Zarsky Lumber of Victoria, Texas, has sold drilling mud, a cooling and flushing lubricant, for more than half a century. Its on-staff engineers work in the locations they serve, and may be on-site at oil fields for a week or more at a time.
But as oil prices rose last year, Zarsky started losing engineers to higher-paying drilling-mud competitors. It was down to six engineers in November from 12 the same time a year earlier, and finding replacements hasn't been easy.
"It's just about money," says the dealer's executive vice president, Cally Fromme. As a result, her company has been forced to turn down business.
Dealers operating in oil- and gas-producing states must always consider the possibility of employees jumping ship for better-paying jobs. "Most of our  yards in Wyoming have been affected a great deal by the oil and gas industries, not just this year but for the past several years," says Greg George, president and CEO of Bloedorn Lumber of Torrington, Wyo. Energy companies have been stepping up their hiring for a while, and that competitive threat was palpable when oil prices spiked to $145 per barrel last summer.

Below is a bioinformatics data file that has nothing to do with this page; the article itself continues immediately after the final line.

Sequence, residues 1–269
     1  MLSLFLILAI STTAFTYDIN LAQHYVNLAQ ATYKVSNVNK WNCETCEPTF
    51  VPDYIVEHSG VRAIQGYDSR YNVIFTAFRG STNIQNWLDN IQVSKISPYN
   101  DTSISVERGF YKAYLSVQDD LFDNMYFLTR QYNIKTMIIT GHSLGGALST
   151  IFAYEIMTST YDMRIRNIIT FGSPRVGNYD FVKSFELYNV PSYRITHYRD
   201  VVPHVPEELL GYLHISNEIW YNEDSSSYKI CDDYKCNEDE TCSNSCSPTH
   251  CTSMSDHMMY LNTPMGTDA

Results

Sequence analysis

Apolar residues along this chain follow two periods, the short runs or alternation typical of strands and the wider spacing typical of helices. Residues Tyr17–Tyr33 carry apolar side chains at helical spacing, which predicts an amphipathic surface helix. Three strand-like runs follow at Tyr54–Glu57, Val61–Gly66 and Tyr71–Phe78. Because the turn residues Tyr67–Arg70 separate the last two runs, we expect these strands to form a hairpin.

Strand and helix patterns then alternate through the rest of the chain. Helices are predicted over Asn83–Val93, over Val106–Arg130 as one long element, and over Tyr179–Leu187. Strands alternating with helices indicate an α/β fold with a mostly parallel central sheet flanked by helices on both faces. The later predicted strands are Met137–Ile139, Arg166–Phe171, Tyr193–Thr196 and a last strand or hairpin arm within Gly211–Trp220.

"Young people coming out of high school, who we'd pay $10 to $12 an hour, could go to work for the oil and gas companies and get $20 an hour," says George.
Even though this threat subsided once oil prices came back to Earth, most pro dealers aren't in any position to bid for workers, especially with the housing market in recession. Whatever chance they have of hiring and retaining employees rests on the value those employees place on the companies' work environments and benefits.
Drivers Are Scarce Dealers' fears about losing workers are more evident in some regions than others. Carolyn Atkinson, a spokesperson for Denver-based ProBuild Holdings, tells ProSales that its yards in Oklahoma and Texas haven't experienced many employee defections to oil and gas companies. But during the week of Nov. 9 alone, ProBuild's yard in Williston, N.D., lost two people.